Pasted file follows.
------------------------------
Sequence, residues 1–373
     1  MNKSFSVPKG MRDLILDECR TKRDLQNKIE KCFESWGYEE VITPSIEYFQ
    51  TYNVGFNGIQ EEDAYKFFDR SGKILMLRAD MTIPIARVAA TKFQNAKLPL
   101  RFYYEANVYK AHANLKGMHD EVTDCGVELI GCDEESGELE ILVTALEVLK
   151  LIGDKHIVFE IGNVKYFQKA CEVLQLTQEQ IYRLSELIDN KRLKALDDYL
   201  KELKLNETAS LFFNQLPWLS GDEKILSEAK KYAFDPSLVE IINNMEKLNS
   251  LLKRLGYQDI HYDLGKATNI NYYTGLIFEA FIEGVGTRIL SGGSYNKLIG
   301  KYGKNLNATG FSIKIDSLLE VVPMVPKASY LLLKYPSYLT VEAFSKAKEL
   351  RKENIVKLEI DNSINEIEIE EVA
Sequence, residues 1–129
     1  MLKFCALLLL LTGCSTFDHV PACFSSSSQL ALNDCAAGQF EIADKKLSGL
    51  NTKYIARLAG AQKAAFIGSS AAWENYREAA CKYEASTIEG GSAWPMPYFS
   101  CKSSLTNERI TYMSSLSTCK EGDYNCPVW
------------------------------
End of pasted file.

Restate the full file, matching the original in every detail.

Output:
Sequence, residues 1–373
     1  MNKSFSVPKG MRDLILDECR TKRDLQNKIE KCFESWGYEE VITPSIEYFQ
    51  TYNVGFNGIQ EEDAYKFFDR SGKILMLRAD MTIPIARVAA TKFQNAKLPL
   101  RFYYEANVYK AHANLKGMHD EVTDCGVELI GCDEESGELE ILVTALEVLK
   151  LIGDKHIVFE IGNVKYFQKA CEVLQLTQEQ IYRLSELIDN KRLKALDDYL
   201  KELKLNETAS LFFNQLPWLS GDEKILSEAK KYAFDPSLVE IINNMEKLNS
   251  LLKRLGYQDI HYDLGKATNI NYYTGLIFEA FIEGVGTRIL SGGSYNKLIG
   301  KYGKNLNATG FSIKIDSLLE VVPMVPKASY LLLKYPSYLT VEAFSKAKEL
   351  RKENIVKLEI DNSINEIEIE EVA
Sequence, residues 1–129
     1  MLKFCALLLL LTGCSTFDHV PACFSSSSQL ALNDCAAGQF EIADKKLSGL
    51  NTKYIARLAG AQKAAFIGSS AAWENYREAA CKYEASTIEG GSAWPMPYFS
   101  CKSSLTNERI TYMSSLSTCK EGDYNCPVW